During this period, he identified that NOTCH3 and NOTCH3-associated genes deregulate the growth of mammary epithelial cells and promote the transition of normal mammary duct to Ductal Carcinoma In Situ (DCIS) in breast cancer models. Further, during this transition phase of DCIS to invasive cancer, he characterized the role of three distinct pathways hypoxia, integrin and bone morphogenetic protein (BMP) signaling pathways.
In 2010, he joined the lab of Dr. Gordon Mills in the Department of Systems Biology at the MD Anderson Cancer Center. In Mills lab, he focused on genomic aberrations such as gene mutation or copy number variation (CNVs), and its effect on downstream signaling pathways in breast and ovarian cancer.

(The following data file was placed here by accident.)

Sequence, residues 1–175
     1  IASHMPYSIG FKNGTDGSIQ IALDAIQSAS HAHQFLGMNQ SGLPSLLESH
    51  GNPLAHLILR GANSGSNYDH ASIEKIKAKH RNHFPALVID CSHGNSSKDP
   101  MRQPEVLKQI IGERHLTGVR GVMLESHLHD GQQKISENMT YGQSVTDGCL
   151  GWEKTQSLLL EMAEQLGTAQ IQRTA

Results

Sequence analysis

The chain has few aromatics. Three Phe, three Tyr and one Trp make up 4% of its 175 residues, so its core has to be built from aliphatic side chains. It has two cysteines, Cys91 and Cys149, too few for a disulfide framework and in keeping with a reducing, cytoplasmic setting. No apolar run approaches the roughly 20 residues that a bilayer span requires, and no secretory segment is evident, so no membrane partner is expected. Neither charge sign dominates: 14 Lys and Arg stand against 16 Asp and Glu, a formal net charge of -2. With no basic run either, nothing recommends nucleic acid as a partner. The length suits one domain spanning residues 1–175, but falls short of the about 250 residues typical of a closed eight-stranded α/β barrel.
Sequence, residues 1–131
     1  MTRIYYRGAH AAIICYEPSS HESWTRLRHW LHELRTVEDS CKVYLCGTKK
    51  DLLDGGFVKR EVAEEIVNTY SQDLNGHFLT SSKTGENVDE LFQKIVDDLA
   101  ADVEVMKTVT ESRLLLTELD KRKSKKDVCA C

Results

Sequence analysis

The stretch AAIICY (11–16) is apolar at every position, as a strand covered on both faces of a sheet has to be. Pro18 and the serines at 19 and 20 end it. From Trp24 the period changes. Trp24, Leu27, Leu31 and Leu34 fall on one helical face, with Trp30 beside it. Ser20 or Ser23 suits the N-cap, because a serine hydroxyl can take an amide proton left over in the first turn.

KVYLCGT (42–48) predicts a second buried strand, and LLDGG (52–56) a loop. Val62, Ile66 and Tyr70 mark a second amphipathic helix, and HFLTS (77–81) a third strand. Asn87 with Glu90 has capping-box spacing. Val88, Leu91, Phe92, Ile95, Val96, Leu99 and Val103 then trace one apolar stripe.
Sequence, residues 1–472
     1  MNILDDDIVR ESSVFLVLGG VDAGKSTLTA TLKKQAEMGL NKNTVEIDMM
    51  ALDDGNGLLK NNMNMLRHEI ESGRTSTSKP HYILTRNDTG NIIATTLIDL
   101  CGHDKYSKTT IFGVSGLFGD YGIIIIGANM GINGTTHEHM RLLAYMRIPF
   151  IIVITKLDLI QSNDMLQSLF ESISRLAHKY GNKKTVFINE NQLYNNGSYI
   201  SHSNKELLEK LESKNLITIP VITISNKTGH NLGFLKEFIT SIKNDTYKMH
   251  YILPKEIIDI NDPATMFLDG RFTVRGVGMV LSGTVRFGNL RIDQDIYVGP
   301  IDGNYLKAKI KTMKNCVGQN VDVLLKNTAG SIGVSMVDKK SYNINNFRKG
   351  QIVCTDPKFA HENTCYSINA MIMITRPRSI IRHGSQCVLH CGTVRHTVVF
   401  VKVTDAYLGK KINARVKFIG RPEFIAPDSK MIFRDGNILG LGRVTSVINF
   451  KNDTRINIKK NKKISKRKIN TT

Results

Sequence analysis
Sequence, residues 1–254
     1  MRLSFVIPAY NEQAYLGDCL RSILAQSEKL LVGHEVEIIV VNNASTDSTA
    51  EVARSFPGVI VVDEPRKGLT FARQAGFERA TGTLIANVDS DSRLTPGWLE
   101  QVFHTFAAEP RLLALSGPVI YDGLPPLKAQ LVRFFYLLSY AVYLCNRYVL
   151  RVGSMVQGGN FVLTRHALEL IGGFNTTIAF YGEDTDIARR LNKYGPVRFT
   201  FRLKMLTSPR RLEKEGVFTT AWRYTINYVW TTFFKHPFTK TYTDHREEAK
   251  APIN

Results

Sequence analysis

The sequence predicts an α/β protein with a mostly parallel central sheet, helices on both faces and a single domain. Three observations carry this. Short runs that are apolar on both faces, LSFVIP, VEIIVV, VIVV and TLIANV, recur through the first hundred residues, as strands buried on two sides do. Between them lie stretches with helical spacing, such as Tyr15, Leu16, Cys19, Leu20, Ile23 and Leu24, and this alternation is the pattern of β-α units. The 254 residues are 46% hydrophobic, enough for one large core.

In 2016, he was recruited as a tenure track Assistant Professor to the Department of Obstetrics and Gynecology at the Medical College of Wisconsin. In the current position Dr. Chaluvally continues his post-doctoral work initiated in the Mills lab, and extends this research into other areas of non-coding RNA biology.
Specifically, he is studying the role of non-coding RNA in mediating transcriptional and post-transcriptional regulation of gene expression. Over the last 6 years, he has made major scientific contributions to our understanding of the role of non-coding RNA aberrations as part of the CNVs in cancer.